Loudon: Ford winning team press conference (part 1)

No. 97 Sharpie/IRWAN Taurus Winning Team Press Conference Kurt Busch Jack Roush KURT BUSCH "This is a car Jimmy Fennig built prior to this year and its first race was Richmond a few months ago and it didn't qualify well at all. All four tires...

No. 97 Sharpie/IRWAN Taurus Winning Team Press Conference
Kurt Busch
Jack Roush

KURT BUSCH

"This is a car Jimmy Fennig built prior to this year and its first race was Richmond a few months ago and it didn't qualify well at all. All four tires were just sliding around and that's the same circumstance we had on Friday as well with not being able to push the tires into the race track. We thought we made the right adjustment and we went the wrong way, so it was more of a burden than we thought. There's no real reason why this car won't qualify well, but it does a great job of taking care of the tires. When you don't punish tires, your car will come to the front during a long run. I think that's why we qualified poorly with this car and we raced real well for it. Like I said, there's no explanation for it."

DESCRIBE THE PASS ON RYAN.

"He had a great starting position and was able to lead laps early on. Our car would just get better and better on the run with the same setup under the car without adjustments. It would come to the front with better and better lap times throughout the run. We'd make small adjustments on the car not to upset the balance and it continued to get better as the day progressed. We just left the car alone on the last stop. There was really nothing you could do to our car that would run those types of lap times once it got out in front. We did have to deal with Newman. We've been here in the past trying to pass him for the lead. It was back in 2002 and it was a rain-shortened race that happened to be Newman's first win. We raced each other probably hard for 40 laps straight through not knowing when it was finally gonna rain hard enough to throw the yellow and that would be the completion of the event. This time around I knew I had laps in my favor. Just to lead one lap would have been nice to get those bonus points, but to be able to come away with the victory with such a great car, I'm ecstatic. The crew did such a tremendous job being in an abbreviated position. We had one guy at home with his wife having a baby this week. I don't know if they had it yet. I hope they don't name it Loudon. It's not really that good of a name for a boy or a girl, and then we had a crew guy leave us this week. So we had a couple guys in abbreviated positions and the other guys picked up the slack and were that much more determined to see what type of effort we could put forth. This is a great track for us. It's a mile and it doesn't have much to do with aero or with the new balance of these tires. It's just a matter of getting the car around the race track."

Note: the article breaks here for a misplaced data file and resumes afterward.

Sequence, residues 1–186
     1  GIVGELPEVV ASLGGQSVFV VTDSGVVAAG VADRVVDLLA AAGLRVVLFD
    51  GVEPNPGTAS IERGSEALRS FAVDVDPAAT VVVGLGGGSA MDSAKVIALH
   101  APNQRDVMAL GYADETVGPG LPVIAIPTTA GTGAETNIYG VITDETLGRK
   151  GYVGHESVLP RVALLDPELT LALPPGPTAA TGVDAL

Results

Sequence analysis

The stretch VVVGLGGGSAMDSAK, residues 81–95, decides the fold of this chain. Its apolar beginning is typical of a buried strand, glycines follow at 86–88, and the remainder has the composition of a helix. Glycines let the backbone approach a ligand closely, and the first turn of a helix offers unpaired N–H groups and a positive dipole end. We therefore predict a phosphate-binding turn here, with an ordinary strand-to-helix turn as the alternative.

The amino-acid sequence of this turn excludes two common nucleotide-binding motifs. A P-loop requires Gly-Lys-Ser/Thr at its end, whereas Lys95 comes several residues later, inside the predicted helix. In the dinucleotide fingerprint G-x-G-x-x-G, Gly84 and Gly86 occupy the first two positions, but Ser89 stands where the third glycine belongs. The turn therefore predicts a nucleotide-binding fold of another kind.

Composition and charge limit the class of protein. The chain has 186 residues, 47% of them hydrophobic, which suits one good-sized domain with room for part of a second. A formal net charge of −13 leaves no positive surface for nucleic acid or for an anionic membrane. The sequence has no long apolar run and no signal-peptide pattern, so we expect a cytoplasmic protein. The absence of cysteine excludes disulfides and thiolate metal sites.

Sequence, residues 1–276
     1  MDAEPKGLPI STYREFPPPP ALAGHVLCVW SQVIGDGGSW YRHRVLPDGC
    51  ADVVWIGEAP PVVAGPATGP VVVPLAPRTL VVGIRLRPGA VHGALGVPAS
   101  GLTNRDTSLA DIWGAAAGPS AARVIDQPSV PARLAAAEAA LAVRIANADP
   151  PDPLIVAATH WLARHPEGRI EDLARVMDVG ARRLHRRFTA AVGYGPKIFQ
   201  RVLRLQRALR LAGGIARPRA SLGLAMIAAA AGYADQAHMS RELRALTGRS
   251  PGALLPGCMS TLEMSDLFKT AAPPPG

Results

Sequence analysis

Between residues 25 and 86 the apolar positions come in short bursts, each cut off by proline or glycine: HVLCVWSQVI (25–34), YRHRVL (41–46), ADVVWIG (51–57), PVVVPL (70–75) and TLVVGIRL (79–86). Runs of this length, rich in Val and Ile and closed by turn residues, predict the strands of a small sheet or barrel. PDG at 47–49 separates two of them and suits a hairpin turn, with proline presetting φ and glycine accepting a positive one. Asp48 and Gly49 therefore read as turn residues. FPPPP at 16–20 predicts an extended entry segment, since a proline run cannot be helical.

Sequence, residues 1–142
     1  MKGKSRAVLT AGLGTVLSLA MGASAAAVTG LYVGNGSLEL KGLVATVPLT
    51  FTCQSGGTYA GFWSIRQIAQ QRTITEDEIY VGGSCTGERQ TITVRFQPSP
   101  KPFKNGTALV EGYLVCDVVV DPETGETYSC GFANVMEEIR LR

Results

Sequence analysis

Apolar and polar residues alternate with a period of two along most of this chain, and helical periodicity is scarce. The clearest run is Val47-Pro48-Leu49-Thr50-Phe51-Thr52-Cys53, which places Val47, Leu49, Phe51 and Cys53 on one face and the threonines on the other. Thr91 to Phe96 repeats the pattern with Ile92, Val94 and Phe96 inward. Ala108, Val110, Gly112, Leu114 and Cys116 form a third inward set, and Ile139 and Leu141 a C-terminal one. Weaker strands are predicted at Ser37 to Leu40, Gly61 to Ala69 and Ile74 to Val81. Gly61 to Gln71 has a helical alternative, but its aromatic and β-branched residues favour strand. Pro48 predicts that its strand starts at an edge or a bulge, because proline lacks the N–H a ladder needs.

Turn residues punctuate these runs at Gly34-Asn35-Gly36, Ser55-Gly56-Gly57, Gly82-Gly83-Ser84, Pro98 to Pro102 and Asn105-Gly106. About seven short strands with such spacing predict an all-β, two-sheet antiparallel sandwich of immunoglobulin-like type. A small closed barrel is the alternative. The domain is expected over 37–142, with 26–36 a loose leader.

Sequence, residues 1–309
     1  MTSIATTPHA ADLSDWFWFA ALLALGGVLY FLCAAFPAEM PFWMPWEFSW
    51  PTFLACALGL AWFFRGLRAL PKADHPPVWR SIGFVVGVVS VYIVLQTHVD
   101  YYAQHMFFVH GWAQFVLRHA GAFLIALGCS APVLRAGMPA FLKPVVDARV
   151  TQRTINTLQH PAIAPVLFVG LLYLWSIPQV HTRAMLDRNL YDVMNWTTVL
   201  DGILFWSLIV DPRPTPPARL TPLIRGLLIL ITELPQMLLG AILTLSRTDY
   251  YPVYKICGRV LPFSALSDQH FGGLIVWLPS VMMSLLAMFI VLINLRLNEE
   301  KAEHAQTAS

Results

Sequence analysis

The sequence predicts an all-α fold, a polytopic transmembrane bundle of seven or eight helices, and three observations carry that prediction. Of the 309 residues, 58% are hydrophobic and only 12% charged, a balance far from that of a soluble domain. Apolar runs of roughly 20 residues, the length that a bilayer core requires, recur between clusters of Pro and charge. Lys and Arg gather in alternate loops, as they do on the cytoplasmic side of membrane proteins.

JACK ROUSH

"What I've seen in my 16, 17 years is that a driver straps the car up going for one lap and he goes out and punishes one tire or three tires. On a good day he can some grip on all four tires and goes and gets what he can, and then you come back and make a decent, livable race car that will go a full fuel stop for the race itself. We just don't have the package figured out on how to qualify this car. This car is a Jimmy Fennig formula for a flat track, which is different than the cars we would run at Dover or at Michigan or at Fontana or at many of the other places. But it will go back to Martinsville and certainly it'll go back to Richmond. Hopefully, it'll be in good shape so it can go to Martinsville as well. Jimmy's got something special here that doesn't apply everywhere. I think the good news is I asked Jimmy, Pocono is a little bit of a flat track, too, and as we're basking in the glory of the race and what's happened here and everybody is feeling good about our day, and any amount of work in the future doesn't look like it would be too much to undertake and I said, 'Do we have a better car for Pocono?' And Jimmy assures me that we do - for Pocono - that he and Kurt have a strategy for a car that's gonna be what we need for that, which is a little different than what we face here. But we're in good shape for this car to bring it back to start the Chase for the Championship, which we now have some breathing room with Kurt on. I'm real proud and happy about the cars they've prepared. One of the things that NASCAR doesn't regulate is the chemistry and the chemistry between Jimmy and the car chief and Kurt today was just awesome and that bodes very well for the rest of the season. I'm real happy with what we've got in front of us."